It’s a long way to Kyrgyzstan, especially if you’re going via New Zealand. But in the global financial system, anywhere to anywhere is just a click away.
Earlier this year, an investigation by international NGO Global Witness uncovered suspicious transactions worth billions of dollars flowing through Kyrgyzstan’s largest bank. Most of these transactions involve shell companies in Britain, Belize and New Zealand that have little or no real business activities.
In one case, money from a Kyrgyz bank account held by a New Zealand company was used to pay a German vendor on behalf of a Russian company. Why? Through the use of shell companies and a web of transactions around the world, it’s almost impossible to track down the real people and the real purpose behind these transactions. They could be avoiding taxes, laundering the proceeds of corruption or organized crime, or funding terrorism. Read more »
By Trent Mankelow
The first time we conducted usability testing on a mobile device was in 2005 for Vodafone. The technology we used to run the testing was primitive, complicated and fragile. Here are a couple of photos to show you what the setup was like.
These days, our approach to mobile usability testing is very different. The whole process is much more guerrilla and lightweight, and we rarely test indoors. Given our recent growth in mobile testing projects, we thought we’d take a step back and share with you some of the lessons we’ve learnt. Read more »
I was out doing some errands this evening, and had a sudden thought. I should grab the ingredients to make my chickpea coconut curry tomorrow. The trouble was that, out and about as I was, I had no way to get access to the recipe.
Recently Nintendo released Shaberu! DS Oryouri Navi in Japan on it’s Nintendo DS portable gaming device. Translated literally it means “Talk! DS Cuisine Navigator” and it offers 200 recipes in an interactive cookbook. It allows you to select the number of people you are cooking for and it automatically changes the ingredients.
So I’m not dreaming.
Computers are becoming more and more ubiquituious.
Several weeks ago we purchased the Blackberry 7230. This calculator-sized device is popular in the States, but has only recently become available in New Zealand. In a nutshell, it is a mobile device that allows you to read and reply to emails wherever you are – in a taxi, an airport, a meeting (guilty). Given that I’ve had 9 trips to Auckland and Christchurch in the last three months the killer application for me was having access to email while travelling.
It didn’t take long for dependence to kick in. The trouble is that the “quirks” of any interface just become plain annoying when you use something all day, everyday. (Usability practitioners are forever cursed. We’re like a musician who goes to a gig and can’t help but notice every off note, slightly too early high hat). There are a number of problems at different interaction levels. Read more »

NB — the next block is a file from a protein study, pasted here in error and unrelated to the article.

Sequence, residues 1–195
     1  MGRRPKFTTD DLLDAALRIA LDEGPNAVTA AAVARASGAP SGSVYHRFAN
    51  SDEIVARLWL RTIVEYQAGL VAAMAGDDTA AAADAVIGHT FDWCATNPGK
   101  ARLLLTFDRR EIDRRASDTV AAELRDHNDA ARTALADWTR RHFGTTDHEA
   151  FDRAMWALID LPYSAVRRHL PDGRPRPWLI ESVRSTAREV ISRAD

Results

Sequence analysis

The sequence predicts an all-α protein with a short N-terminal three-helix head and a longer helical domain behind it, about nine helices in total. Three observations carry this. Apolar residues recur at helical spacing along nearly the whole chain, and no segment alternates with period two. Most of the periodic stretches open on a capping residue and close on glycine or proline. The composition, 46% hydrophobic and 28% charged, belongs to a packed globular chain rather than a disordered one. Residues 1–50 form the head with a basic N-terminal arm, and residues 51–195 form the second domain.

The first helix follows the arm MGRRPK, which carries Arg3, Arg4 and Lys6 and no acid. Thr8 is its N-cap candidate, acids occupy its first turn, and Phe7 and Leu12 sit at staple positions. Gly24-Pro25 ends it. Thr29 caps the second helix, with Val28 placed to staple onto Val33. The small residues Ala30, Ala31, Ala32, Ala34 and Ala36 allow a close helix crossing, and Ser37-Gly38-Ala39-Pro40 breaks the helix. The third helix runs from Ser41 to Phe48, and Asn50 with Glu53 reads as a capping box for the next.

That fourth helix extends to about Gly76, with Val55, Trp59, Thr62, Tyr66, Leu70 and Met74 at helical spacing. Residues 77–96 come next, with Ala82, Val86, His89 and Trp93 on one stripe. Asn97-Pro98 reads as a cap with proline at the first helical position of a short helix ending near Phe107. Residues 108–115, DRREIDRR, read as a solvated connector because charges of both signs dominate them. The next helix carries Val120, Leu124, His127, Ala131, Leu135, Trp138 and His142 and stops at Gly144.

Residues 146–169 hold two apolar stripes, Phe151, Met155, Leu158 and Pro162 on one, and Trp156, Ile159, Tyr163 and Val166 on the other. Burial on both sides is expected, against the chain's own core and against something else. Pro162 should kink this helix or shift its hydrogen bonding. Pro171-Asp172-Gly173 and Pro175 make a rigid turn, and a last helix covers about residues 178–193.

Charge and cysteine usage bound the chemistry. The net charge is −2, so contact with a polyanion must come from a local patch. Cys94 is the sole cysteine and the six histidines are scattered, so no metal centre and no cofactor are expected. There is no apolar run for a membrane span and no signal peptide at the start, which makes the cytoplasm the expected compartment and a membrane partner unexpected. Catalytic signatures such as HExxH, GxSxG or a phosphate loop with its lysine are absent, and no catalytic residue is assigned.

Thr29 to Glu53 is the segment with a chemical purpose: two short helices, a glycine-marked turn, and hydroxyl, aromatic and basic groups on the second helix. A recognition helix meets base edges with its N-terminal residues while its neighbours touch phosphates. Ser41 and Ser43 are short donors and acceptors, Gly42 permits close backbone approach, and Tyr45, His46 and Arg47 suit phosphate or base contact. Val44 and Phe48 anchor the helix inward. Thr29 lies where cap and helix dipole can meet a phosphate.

“Understanding human needs is half the job of meeting them.” Adlaid Stevenson
If asked to summarise what I got from the three days I spent at the mobile commerce conference in Melbourne, the quote above would be it. In three days of listening to speakers talk on topics ranging from how they’ve successfully made mobile technology work for their business, wireless standards and uptake of mobile services in South East Asia; there was one consistent message in all their stories – if it’s not useful, it won’t be used.
It was a fantastic time to get an understanding for what is happening in the mobile world in Australia, New Zealand and in certain parts of South East Asia. Consideration for usability in mobile devices, services and applications will be an area to watch very closely as ‘next generation’ services and handsets hit the market. Read more »
I happened to be in Singapore a couple of years ago. If you’ve ever gone to Singapore you will know about the amazing electronic gadgets that are cheap as chips compared to what we pay here in New Zealand. Reciting some seemingly important work related reasons why I needed the (then) latest Visor Prism PDA, I convinced myself that I needed to buy one. I think I used it solidly for about 3 months.
Today, I’m using a trusty $10.99 paper diary from Whitcoulls while my Visor Prism sits relegated in a box at home. If we talk return on investment, I think my diary has outperformed my Visor by a magnitude of a thousand. Read more »